Where a person or company suffers loss, as a result of such infringement, it may therefore be appropriate to seek relief using available local remedies. In this connection, plaintiffs should be aware of the possibility, available to all national judges, of referring questions of Union law to European Court of Justice for a preliminary ruling. Courts of final appeal are obliged to seek a preliminary ruling, where a decision on the question is necessary to enable it to give judgement.


Enforcement by the Commission

Running parallel to the possibility of such actions before national courts is an elaborate procedure of application of the competition rules by the Commission. In some ways, this procedure has further-reaching consequences for the firms involved than actions at national level, in that, for example:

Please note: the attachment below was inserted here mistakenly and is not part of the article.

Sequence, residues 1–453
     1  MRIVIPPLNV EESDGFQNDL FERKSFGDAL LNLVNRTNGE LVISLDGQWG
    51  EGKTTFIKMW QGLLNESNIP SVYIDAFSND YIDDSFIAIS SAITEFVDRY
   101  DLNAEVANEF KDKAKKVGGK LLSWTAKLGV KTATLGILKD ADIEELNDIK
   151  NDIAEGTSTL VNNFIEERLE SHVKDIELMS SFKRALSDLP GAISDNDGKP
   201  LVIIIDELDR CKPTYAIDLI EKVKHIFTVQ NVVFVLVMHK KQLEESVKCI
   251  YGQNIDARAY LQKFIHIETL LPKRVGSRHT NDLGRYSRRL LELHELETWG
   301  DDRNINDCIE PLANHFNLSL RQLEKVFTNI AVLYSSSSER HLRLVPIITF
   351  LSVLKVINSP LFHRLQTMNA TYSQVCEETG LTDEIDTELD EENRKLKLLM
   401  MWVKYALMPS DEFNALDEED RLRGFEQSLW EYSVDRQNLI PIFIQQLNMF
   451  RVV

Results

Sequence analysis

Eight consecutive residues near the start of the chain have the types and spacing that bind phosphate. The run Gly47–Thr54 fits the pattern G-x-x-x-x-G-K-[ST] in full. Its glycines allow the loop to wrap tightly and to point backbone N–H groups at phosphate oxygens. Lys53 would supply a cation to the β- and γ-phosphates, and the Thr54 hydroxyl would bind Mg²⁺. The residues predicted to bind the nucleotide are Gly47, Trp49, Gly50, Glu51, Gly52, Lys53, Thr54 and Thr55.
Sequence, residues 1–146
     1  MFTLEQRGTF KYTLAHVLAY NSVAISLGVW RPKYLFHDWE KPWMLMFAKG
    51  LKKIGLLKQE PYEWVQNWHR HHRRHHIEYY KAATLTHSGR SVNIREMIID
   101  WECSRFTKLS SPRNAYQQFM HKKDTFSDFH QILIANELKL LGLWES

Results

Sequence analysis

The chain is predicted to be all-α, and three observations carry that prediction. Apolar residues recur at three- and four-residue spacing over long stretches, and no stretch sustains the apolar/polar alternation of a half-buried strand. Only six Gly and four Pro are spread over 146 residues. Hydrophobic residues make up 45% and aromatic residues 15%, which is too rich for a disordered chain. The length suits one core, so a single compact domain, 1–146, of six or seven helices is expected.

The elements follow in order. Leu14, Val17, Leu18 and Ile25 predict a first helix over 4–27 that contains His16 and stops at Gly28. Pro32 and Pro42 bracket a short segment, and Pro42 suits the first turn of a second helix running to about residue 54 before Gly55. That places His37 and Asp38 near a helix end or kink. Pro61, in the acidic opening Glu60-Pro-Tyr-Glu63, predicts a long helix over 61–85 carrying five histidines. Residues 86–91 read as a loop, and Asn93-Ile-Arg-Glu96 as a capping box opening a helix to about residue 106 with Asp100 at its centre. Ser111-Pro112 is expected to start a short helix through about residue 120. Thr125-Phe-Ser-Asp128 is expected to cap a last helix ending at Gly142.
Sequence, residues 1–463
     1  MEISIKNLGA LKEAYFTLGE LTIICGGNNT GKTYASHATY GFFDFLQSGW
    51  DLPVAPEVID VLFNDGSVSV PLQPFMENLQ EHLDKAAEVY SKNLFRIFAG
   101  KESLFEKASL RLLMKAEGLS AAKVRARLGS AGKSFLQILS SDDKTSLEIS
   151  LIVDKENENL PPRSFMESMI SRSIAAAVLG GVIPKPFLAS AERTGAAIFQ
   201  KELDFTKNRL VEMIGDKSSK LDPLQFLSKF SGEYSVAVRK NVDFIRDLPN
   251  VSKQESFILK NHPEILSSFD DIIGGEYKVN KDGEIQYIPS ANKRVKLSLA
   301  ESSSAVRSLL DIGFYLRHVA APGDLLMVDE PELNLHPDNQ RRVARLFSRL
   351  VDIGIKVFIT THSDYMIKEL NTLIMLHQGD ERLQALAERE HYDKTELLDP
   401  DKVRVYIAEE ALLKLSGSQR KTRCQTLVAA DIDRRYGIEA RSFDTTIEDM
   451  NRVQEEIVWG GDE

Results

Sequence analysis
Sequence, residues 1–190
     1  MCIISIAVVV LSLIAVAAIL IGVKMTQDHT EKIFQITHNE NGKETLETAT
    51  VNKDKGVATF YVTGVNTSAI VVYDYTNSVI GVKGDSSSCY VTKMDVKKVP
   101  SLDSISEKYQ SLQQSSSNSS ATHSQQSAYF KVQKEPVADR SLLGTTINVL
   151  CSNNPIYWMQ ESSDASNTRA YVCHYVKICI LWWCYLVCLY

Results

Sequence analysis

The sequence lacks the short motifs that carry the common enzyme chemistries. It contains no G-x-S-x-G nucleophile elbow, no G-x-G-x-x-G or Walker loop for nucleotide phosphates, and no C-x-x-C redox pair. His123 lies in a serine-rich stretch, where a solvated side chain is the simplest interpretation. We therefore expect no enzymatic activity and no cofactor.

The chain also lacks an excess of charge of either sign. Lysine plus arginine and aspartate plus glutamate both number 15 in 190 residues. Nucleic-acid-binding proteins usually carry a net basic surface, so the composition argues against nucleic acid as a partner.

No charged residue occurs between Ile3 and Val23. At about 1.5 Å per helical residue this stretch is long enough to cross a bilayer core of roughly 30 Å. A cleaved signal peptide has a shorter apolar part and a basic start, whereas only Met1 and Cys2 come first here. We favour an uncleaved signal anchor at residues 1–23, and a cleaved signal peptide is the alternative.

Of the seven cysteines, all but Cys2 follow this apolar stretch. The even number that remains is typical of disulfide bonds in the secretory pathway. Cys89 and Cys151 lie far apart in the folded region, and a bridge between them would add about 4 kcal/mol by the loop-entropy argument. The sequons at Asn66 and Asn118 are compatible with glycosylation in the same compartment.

the Commission has the power of imposing administrative fines for infringement of the competition rules;

the Commission has extensive powers to collect the information it needs in order to determine whether an infringement is taking place;

only the Commission has the power to grant exemptions on the basis of Article 85(37 EEC;

the Commission can take interim measure to bring damaging behaviour to an immediate halt.


The procedure before Commission cannot, however, culminate in an award of damages to the victim. Fines imposed are paid to the Commission, not to the injured party.

There are a number of ways in which a procedure before the Commission involving the competition rules can be set in lotion:

(i) Notification for negative clearance or for exemption;

(ii) Complaints;

(iii) own-initiative action by the Commission;